Robert Greene: That’s so beautifully stated. Those are editorial decisions that are so precise in the film, because it’s one thing to say, “we need to show strength,” which is of course the case. We need to not succumb to the victimization that the documentary camera often creates, because that is a net negative. But to make the choices to use what those subjects give you and then magnify that and then strip it away in this “breakdown moment,” it does so much for us. It’s such a gift to the audience, because we’ve been brought in, in a certain way, and then we’re taken in another place. Every single word from Fox is so precise. She is a writer of her own response. And then in one moment, the anger pops through, and it’s so powerful.
Garrett Bradley: I love that idea of being the writer of your own response. It’s also being the writer of your future. Because you’re manifesting it, you’re anticipating, and you’re controlling. There’s a history we as Black Americans in this country have been forced into. There’s been a systematic attempt at keeping us in places of observation and inaction. In observation, there’s a lot of wisdom, and that comes from that knowledge when put in a position of watching. So there’s something very important about Fox and about what Bert Williams in “America” is trying to be, which is that they are using the parameters of observation, and they are tactically, and intelligently, taking action within the parameters.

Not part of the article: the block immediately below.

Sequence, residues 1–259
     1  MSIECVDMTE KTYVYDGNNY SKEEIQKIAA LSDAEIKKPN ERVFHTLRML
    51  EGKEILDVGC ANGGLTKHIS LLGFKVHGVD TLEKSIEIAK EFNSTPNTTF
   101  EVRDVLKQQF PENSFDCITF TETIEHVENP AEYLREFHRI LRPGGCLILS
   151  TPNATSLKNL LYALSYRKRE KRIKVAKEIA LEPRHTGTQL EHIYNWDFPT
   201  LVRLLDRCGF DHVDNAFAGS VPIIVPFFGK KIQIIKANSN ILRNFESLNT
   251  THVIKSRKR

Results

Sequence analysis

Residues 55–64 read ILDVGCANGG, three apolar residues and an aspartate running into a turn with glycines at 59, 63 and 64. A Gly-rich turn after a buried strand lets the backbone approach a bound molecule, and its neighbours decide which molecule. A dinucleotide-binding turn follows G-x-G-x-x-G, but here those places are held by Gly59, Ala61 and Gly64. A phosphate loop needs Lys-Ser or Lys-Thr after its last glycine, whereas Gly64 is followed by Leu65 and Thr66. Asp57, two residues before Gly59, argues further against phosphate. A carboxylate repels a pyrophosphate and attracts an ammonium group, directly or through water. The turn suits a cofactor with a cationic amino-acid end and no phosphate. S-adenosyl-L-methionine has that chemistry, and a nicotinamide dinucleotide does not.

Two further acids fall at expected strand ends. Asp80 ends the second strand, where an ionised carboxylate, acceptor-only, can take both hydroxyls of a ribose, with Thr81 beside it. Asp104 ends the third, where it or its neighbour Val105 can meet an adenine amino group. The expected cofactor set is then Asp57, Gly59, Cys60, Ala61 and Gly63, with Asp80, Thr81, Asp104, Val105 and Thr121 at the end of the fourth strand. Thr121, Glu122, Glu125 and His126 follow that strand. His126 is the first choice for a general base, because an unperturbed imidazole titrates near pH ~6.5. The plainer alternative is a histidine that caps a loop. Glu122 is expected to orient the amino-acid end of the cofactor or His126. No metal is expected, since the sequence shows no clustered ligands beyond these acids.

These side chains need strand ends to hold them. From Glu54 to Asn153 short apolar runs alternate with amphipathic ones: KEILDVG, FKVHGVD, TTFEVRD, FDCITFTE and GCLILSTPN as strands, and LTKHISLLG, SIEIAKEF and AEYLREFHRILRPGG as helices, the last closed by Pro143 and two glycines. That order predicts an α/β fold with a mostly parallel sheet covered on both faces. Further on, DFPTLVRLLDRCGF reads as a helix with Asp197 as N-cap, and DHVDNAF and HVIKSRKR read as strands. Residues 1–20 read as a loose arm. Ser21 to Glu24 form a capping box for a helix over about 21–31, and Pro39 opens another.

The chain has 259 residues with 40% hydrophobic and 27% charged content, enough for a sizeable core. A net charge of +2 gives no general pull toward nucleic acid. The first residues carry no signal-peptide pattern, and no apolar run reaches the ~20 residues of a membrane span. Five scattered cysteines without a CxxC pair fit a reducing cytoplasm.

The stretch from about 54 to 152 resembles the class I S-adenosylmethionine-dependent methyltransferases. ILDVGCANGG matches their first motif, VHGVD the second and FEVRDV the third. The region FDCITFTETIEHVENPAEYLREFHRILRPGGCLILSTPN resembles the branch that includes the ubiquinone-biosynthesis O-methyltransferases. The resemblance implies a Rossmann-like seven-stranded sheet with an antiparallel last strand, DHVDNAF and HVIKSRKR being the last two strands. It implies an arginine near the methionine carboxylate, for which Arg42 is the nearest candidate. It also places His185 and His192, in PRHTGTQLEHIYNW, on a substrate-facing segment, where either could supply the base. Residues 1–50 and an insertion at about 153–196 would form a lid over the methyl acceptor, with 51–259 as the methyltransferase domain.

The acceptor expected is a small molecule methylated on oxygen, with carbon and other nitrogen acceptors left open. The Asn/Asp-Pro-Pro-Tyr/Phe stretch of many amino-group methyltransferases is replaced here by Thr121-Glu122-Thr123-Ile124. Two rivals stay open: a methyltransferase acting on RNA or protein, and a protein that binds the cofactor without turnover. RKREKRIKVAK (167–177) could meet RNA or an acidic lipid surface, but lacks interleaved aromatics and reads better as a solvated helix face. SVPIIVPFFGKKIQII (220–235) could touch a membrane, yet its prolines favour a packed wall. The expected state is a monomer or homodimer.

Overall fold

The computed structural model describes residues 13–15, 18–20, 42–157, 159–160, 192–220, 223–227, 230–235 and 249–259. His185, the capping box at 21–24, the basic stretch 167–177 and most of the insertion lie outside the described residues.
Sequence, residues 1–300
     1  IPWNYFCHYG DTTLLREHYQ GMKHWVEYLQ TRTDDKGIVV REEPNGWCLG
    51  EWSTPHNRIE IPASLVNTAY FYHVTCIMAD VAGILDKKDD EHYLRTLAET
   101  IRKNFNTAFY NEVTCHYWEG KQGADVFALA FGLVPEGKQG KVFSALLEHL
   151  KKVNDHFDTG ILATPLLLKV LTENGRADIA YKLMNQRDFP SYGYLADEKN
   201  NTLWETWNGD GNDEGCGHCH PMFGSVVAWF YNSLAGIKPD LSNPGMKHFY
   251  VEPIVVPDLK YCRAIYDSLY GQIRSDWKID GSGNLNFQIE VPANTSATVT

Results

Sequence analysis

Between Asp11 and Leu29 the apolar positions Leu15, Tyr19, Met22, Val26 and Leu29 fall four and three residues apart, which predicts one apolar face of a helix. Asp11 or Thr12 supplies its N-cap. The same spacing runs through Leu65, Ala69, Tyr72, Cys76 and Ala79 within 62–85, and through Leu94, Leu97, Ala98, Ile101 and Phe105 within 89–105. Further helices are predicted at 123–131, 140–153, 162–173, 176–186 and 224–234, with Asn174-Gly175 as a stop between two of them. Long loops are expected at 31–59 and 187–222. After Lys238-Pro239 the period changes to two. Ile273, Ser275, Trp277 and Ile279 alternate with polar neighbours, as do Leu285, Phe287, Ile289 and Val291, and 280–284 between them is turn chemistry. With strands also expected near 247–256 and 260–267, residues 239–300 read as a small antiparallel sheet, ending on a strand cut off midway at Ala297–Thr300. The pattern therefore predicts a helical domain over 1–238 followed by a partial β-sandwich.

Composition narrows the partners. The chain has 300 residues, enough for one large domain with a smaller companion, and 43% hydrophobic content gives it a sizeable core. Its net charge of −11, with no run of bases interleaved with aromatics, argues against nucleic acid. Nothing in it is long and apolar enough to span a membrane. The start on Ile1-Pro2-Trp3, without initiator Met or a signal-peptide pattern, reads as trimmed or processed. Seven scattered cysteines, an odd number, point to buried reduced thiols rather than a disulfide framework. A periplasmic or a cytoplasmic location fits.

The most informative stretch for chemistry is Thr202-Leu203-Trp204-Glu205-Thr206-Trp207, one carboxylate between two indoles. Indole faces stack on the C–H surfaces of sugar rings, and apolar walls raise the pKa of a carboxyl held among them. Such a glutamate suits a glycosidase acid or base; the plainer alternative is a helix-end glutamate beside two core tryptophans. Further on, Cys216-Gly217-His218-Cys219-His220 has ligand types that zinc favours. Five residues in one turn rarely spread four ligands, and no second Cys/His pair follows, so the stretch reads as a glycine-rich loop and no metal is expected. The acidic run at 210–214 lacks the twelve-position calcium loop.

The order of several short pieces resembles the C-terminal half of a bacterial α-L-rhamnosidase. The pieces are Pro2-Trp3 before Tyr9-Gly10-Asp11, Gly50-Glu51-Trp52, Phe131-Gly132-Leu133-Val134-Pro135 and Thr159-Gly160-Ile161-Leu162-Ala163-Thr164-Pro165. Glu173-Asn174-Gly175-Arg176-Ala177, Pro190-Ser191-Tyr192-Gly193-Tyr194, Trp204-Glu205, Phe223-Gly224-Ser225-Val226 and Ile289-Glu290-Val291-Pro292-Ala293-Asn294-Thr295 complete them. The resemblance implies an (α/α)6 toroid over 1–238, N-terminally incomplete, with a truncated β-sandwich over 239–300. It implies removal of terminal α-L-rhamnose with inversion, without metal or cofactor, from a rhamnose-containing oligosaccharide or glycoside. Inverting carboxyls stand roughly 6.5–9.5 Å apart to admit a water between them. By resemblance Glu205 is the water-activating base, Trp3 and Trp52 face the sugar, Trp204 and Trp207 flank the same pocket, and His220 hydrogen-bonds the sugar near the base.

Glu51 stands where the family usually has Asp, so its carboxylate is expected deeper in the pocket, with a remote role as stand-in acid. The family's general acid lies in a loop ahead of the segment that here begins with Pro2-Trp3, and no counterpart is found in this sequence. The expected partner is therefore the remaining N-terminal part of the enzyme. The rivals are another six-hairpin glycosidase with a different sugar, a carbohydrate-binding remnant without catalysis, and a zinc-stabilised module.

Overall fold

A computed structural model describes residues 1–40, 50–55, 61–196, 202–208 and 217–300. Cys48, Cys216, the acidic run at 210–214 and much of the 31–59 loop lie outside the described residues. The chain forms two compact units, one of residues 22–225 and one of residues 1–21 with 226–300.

Greene: Often what documentary filmmakers are looking for is the moment where someone breaks down. And effectively what they’re looking for is like, I have this camera observing you, and there’s a whole history of what that means, which you just hinted to, and then you’re waiting for a breakdown. It’s almost like, “Show me Black rage.” The way Time is contextualized, in that you see the opposite of that up until this point, it doesn’t diminish the rage. In fact, it puts the rage where it should be, rather than in a caricature, which is often the case in a lot of films. You put it in the right place by the way that we have come to understand Fox over the course of the film. You don’t diminish your rage at all. In fact, it magnifies it in exactly the way that it should be. I understand, as best I can as a viewer in that moment, how she’s feeling, and it’s so profound.
Bradley: It’s funny, I was watching something last night, and there was something just so irritating to me about this fine line, which is that as filmmakers we can teeter on our own obsession and self-aggrandizing, around the very fact that a camera can record something. We’re sitting in our own amazement that it can document something, and that’s just not enough.
It’s important that we find a way to allow these tools to do something much bigger and much more profound than simply observe.
Time, by Garrett Bradley, is available to stream on Amazon Prime Video this Friday.